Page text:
BallisticSquid Most Honored Senior Member

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    I find when I work on things in isolation, I tend to start playing it faster than it really is, or perhaps slower if speed is part of the challenge.

    Using a reference for tempo on a regular basis I think is important. I use drum beats from an app. I can play to a click, but something that at least sounds like a drum is more musical.

    It makes it more fun also. There's really nothing like the feeling of getting into the groove and really feeling it. I can tap my foot and get a groove going as I'm playing.

    The earlier you start working with something like this the better. I have seen people that can play but can't keep time for beans and it frustrates them to no end. With no time reference it's too easy to slow down on the parts that are hard and speed up on the parts that are easy. I work on this with my kids with the all of the time with their music lessons. I also make sure they have opportunities to play in groups and ensembles which is the ultimate practice of keeping time.
     
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  10. diverse379

    diverse379 Strat-O-Master

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    I think that’s what prompted me to write the post.
    Some are just practicing without a time feel and will speed up and slow down.
    For folk and other music it may not make much of a difference
    But the more subdivisions in the music the more you have to be right with that snare. And back beat
     
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  11. Bob the builder

    Bob the builder Most Honored Senior Member

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    When Im working on the mechanics I purposely try to play it fast. If I can get it there bringing it down to speed lets me work on the feel more
     
  12. diverse379

    diverse379 Strat-O-Master

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    For feel I try to count, think or feel 6 and make it fit into the 4

    It provides a natural lilt
    Because only first beat lines up.
     
  13. BallisticSquid

    BallisticSquid Most Honored Senior Member

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    Even for folk and other genres it makes it sound sloppy if the tempo varies with the complexity of the music. There's nothing wrong with tempo changes, but they shouldn't be because of the inability to play at the required tempo :).

    I agree that playing in time is very important.

    I never really learned it formally, but I think I keep pretty good time. I go totally by feel though I'll try to count tricky parts out.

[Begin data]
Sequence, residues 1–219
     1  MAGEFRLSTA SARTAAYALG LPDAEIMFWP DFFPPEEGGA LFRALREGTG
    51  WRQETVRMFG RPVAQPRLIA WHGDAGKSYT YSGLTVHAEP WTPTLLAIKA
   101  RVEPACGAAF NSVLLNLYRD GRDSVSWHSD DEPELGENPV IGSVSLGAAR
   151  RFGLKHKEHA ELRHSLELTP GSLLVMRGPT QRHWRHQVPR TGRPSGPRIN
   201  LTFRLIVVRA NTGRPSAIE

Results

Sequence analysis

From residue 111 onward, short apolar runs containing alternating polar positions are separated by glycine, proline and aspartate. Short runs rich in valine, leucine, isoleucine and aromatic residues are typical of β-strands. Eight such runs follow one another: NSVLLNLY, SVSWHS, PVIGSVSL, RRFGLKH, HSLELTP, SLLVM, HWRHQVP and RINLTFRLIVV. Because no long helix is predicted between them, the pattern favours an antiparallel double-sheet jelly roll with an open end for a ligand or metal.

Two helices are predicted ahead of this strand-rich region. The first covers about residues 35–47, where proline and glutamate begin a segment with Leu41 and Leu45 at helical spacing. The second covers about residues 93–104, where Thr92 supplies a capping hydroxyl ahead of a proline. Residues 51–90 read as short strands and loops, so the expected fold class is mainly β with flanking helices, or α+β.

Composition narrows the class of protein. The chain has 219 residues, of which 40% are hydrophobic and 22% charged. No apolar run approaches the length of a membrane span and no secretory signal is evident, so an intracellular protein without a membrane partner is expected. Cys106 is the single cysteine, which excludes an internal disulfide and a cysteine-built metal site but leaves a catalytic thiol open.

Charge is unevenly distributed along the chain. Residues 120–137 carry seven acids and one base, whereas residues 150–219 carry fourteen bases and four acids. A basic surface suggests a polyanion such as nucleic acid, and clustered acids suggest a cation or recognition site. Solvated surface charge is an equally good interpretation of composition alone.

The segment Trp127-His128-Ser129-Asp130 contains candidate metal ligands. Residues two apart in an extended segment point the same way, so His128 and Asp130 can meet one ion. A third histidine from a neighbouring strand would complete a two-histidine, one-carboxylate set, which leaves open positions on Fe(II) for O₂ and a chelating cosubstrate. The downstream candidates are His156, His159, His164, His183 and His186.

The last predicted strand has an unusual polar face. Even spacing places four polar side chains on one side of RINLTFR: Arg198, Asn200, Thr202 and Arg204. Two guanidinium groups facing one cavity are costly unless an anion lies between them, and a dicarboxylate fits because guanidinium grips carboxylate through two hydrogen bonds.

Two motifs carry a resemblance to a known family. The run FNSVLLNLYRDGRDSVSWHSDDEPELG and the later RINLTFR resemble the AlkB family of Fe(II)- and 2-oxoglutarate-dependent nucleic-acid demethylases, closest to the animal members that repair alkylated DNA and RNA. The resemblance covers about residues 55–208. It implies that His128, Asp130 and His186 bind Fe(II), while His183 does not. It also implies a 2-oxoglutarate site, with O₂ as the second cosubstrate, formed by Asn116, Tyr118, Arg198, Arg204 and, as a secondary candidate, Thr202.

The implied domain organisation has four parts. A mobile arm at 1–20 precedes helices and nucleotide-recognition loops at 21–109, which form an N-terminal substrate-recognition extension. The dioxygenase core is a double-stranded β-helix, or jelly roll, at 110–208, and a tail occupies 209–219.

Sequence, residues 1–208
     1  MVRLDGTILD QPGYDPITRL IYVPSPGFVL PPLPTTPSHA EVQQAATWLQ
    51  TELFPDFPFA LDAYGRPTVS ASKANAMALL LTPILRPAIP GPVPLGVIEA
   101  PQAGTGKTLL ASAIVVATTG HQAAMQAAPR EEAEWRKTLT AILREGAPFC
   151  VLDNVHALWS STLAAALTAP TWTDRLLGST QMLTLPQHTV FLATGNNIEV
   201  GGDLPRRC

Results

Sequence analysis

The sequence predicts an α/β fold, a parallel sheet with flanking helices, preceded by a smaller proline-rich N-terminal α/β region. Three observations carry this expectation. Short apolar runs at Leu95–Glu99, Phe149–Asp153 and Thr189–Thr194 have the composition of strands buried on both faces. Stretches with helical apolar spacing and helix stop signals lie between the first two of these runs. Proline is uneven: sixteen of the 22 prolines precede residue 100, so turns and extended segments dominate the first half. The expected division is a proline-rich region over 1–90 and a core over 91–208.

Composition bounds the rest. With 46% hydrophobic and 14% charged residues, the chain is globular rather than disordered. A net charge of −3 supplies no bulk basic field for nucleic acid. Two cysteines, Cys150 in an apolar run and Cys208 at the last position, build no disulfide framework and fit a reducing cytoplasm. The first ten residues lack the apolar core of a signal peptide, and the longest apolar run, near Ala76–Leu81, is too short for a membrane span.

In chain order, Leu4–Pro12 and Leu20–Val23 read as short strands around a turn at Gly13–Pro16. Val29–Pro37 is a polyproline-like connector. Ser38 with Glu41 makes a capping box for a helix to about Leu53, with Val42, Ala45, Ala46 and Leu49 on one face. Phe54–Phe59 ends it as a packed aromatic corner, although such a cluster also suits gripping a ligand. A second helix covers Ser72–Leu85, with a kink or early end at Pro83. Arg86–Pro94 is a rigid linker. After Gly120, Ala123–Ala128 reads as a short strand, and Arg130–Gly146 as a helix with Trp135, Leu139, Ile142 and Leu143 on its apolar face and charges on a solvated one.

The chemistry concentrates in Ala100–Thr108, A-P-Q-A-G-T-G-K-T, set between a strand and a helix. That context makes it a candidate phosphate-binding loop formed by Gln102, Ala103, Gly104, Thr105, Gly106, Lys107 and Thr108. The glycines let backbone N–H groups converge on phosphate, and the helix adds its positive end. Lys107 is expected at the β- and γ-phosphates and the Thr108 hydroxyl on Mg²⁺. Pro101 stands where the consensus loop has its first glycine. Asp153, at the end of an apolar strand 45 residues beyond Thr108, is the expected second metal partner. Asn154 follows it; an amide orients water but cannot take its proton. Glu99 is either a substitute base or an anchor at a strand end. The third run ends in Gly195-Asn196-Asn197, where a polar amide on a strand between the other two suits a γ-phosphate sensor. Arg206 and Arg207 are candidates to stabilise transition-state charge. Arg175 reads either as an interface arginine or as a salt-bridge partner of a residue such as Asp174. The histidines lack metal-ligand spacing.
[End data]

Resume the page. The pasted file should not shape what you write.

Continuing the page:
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  14. rocknrollrich

    rocknrollrich Senior Stratmaster

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    I like to use a drum app to work on picking techniques.

    I also like to fit triplet phrases over 4/4.
    Or go from 1/8 notes to 1/16 notes and back again in the same phrase.
    Things like that.
    I also like to play on the beat, behind the beat, and in anticipation of the beat.
    I try to make rhythms "swing", and shuffle, and play something perfectly square .

    Mess with timing. Music is so much more than just note choices.
    Rhythm is king.
     
  15. Bob the builder

    Bob the builder Most Honored Senior Member

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    Then there's a timing issue
    Should fall on 1 & 3
     
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  16. henderman

    henderman Most Honored Senior Member Strat-Talk Supporter

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    i tap my foot to the drum beat and or move my body. i improvise in my head when i hear music to see if i would fit in with it while tapping my feet. and i try to do it with music i would never choose to listen to as much as possible in hopes it turns me into a timing machine.
     
  17. diverse379

    diverse379 Strat-O-Master

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    No sir
    You fit 6 into four
    Literally count six in the place of four
    The only place they line up is on the one
    Try it
     
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  18. heltershelton

    heltershelton BANNED Strat-Talk Supporter

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    davidKOS, Omar and Nate D like this.
  19. Dadocaster

    Dadocaster Dr. Stratster Strat-Talk Supporter

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    Listen to drum rudiments and then make your licks into "rudiments." Drum corps drummers read charts but they are often playing at tempos that would make a speed metal guitar player pass out. The only way that they can do that is that they have been practicing rudiments that teach them how to fit various combinations of time figures into various length spaces.
     
  20. Dadocaster

    Dadocaster Dr. Stratster Strat-Talk Supporter

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    No.


    [​IMG]
     
    Last edited: Apr 24, 2019